Why the Super Duty is Ford’s Biggest Gamble, and Possible Win in 20 Years
Have you ever stopped to think about what goes into launching a new vehicle? The planning, the engineering, the investment, and of course, the testing. Years of research, thousands of man hours and possibly billions of dollars in funding are a gamble that could pay off big, or not pay off at all.
Truth be told, I haven’t always covered the automotive industry for a living, but I’ve been an enthusiast my entire life, and one of the things that shocked me the most when I broke into automotive journalism, was the mind-boggling challenges that manufacturers have to go through to bring a vehicle to market. That market being you and only you.
Take Ford’s brand-spanking new Super Duty for example. Approximately 43 out of 100 customers with heavy duty truck needs choose Ford’s Super Duty over any other make or model, so when the blue oval decided to build a brand new model from scratch for the first time in 20 years, even the highest ranking executives at Dearborn wanted to be involved at every step of the process. In their heads, there were only two outcomes to their gamble; continue growing Super Duty’s customer loyalty, or throw decades of it in the trash and hand sales over to their competitors. No pressure, right?
On an interview with Business Insider, Ford CFO Bob Shanks said, “Super Duty is a very, very important product. It’s high volume. It’s very high margin. It’s a big changeover because we have not had a complete redesign of this product for 19 or 20 years. It’s going into a big plant. It’s aluminum. It’s a new frame. It’s powertrain upgrades. It’s new features. It’s new technologies.”
That’s a lot of “news.” Funny enough, Ford was quick to point out that the acceptance of an even more aluminum-centric Super Duty was much higher by Super Duty customers than it was by F-150 customers. Ford attributes this to the fact that heavy duty customers have been dealing with aluminum in the trailer, construction and farming community for decades, compared to the more-mainstream F-150 clientele. So in their eyes, aluminum was an easy win this time around, and Ford executives liked the sound of that from the word, go.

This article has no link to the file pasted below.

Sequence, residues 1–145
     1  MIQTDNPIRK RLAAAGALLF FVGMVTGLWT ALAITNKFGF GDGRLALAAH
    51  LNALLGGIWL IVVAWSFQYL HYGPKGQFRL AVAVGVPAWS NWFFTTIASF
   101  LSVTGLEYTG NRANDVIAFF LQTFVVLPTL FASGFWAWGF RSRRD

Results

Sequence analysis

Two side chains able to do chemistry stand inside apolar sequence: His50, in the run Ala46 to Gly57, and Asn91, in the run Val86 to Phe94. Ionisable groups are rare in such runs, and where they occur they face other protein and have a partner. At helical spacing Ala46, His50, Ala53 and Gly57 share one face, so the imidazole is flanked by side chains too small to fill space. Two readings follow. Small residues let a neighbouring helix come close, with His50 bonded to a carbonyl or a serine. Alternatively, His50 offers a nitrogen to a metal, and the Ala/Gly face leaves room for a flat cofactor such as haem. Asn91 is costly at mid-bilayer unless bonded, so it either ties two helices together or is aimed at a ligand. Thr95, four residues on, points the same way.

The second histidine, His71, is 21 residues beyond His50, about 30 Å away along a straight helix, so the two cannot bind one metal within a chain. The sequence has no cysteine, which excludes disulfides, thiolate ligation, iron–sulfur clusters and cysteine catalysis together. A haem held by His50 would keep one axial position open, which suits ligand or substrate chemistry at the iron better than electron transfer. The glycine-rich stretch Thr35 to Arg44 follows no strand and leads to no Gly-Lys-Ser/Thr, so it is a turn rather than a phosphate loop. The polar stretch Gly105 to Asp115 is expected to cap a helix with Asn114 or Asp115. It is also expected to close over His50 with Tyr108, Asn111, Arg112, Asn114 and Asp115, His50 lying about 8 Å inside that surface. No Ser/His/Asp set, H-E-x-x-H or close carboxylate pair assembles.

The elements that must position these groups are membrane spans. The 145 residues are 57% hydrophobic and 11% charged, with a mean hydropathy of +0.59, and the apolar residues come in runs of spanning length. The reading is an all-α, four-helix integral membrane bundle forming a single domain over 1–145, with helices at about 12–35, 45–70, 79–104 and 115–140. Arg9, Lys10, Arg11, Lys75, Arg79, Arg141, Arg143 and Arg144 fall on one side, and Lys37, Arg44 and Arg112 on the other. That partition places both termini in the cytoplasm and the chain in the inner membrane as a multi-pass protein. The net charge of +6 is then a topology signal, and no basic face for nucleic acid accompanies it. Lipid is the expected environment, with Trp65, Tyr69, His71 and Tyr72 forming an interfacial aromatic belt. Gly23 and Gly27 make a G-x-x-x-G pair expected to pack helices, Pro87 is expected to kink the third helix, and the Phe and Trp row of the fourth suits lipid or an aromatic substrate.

“It’s a big deal,” Brian Rathsburg, Ford’s marketing manager for the Super Duty. “The truck is our halo vehicle in terms of capability. We’re absolutely operating from a position of strength, but with that comes a burden of responsibility to continue to be the leader.”
Speaking of leadership, Craig Schmatz is the Super Duty’s chief engineer, and this truck has been his baby for over half a decade. If the Super Duty turns out to be as successful as Ford predicts, it will also be the crowning achievement of his nearly 30 year career with Ford.
The year 2017 is right around the corner and soon enough we will find out if Ford’s biggest gamble will remain leader in the segment and devour market share. I’d like so say it will, but the truth is that it’s still too early to tell.
It all comes down to you.
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Photos via: [Ford]